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Blog: the problem with the new mortgage rules

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08/02/2015
The last time I applied for a mortgage it was in July 2008, two months before the Lehman Brothers collapse and the widespread disintegration of the Western banking system.

In those giddy days, high street banks were falling over themselves to lend money: Self-employed? No problem. Low deposit? Meh. They certainly didn’t care how much I spent on childcare, heating or, even, shoes.

But that was then. Applying for a mortgage now includes an Orwellian-style interrogation. The emphasis since the new mortgage rules were introduced in April last year is on ‘affordability’, which sounds rational enough: What could be more sensible than not simply lending according to what people receive, but also by looking at what they can realistically afford to pay? However, there are – I would suggest – a number of problems with this approach.

First, it seems to take no account of the fact that large swathes of spending are discretionary. Knowing what I spend on shoes would be pertinent if I was in thrall to some kind of shoe-buying compulsion (I’m not, really I’m not); or perhaps if I did a lot of walking for my job and therefore wore out a lot of shoes. If it made the difference between losing my house or not losing my house the chances are that even I would spend a little less on shoes.

Shoes is a trivial example, but mortgage providers also now want to know how much you put into pensions and savings every month, because that too will affect ‘affordability’. Setting aside that this would seem to discourage prudent behaviour, it is also only relevant if you are in some way compelled to do it. No-one is compelled to set money aside in a personal savings or pension product.

Also, having looked at how much you save, might it not be relevant to then look at the level of your savings? After all, surely, when looking at affordability, it is important to determine whether individuals might have money set aside with which to pay their mortgage in the event of a crisis. As a prudent sort of person (shoes aside), I have savings that would cover my mortgage in full for over two years, yet no mortgage provider has thought that worthy of consideration.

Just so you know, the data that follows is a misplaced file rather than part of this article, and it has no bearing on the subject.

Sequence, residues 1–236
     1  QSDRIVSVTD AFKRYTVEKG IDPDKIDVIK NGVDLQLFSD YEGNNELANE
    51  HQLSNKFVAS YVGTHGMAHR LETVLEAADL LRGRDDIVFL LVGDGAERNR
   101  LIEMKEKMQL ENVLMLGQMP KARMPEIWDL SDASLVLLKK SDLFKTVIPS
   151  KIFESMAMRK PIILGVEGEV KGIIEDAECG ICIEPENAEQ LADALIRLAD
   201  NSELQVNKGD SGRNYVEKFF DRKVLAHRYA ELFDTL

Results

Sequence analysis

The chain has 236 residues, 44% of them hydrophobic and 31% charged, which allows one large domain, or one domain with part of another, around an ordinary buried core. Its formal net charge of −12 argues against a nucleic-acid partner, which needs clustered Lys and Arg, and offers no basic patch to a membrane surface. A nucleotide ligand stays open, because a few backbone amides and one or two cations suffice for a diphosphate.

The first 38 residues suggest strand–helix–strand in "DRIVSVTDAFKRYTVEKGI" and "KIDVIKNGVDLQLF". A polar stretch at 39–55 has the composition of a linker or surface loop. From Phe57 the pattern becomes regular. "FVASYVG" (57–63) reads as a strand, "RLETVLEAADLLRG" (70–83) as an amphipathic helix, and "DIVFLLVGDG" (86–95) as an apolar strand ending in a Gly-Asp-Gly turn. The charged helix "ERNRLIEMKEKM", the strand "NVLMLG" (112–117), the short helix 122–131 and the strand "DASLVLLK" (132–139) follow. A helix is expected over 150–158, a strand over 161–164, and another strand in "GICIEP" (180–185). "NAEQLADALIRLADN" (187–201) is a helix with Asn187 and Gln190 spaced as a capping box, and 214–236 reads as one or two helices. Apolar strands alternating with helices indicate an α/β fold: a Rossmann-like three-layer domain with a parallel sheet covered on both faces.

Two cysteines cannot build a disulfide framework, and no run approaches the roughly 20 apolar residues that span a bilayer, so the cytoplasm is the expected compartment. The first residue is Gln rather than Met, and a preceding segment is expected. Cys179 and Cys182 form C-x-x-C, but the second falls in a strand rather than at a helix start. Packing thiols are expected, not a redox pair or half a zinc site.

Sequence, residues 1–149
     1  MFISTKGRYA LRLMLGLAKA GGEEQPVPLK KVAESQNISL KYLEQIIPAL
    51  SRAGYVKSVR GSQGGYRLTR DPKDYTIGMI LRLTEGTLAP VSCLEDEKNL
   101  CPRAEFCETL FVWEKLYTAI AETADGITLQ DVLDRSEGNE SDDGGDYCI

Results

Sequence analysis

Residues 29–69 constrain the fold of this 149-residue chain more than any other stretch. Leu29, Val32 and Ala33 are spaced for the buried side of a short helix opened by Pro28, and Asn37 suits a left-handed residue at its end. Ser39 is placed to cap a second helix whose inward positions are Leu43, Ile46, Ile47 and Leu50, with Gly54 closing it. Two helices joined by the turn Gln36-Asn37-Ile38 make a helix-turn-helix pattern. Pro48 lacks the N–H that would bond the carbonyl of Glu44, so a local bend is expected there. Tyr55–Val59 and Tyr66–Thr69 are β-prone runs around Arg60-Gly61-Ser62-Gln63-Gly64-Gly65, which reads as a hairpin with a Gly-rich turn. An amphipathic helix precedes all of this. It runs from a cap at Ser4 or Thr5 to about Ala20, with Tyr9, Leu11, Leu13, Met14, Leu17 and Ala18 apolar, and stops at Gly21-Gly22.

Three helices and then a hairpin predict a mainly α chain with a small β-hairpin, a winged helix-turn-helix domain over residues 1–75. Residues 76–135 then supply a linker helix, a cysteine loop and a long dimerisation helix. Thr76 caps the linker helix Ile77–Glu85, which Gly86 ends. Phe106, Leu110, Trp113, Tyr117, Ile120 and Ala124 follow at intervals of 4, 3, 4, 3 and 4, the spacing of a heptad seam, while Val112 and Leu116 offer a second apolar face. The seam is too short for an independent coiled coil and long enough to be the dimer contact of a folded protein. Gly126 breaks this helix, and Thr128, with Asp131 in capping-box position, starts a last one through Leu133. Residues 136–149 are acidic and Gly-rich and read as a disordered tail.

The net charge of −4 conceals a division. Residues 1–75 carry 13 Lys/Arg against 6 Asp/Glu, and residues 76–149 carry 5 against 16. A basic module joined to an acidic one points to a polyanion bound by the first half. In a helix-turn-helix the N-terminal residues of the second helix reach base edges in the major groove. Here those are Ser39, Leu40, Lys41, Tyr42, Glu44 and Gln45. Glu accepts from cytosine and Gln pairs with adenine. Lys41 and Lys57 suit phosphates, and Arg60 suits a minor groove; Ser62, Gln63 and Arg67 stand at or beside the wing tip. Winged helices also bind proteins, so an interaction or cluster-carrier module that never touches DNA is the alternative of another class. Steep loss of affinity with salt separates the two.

As you might have gathered from the tone of this blog, I have recently been turned down for a remortgage after failing to jump through all the relevant (or irrelevant) hoops. I am not alone – a new survey from the Intermediary Mortgage Lenders Association found that the percentage of mortgage brokers who were unable to help at least one customer find a mortgage deal has risen to 84% compared to 78% in July 2014, and three-quarters of brokers believe that lenders are too conservative.

In many ways I feel I should be applauding the fact that mortgage lenders are shutting up shop, refusing to lend to shoe-fetishists and people who wantonly save into pensions. After all, isn’t it loose lending practices that got us all into trouble in the first place?

The trouble is, the current approach doesn’t feel any more rational. Lenders are still lending on the basis of tick boxes and standardised criteria without involving any real human judgement in the process. Any employed person can be out on their ear in three months or less, and yet they are still considered a better lending prospect than a self-employed person with a lengthy accounting history and client list.

So I go back, cap in hand to lenders who were fighting to lend just five short years ago, and hope that someone will overlook my (discretionary) spending habits to grant my – very reasonable – mortgage application. This time, I will be turning to those lenders who claim to base their judgements on good, old-fashioned lending practices, such as Handelsbanken, rather than the high street giants, who still rely on the computer saying yes.

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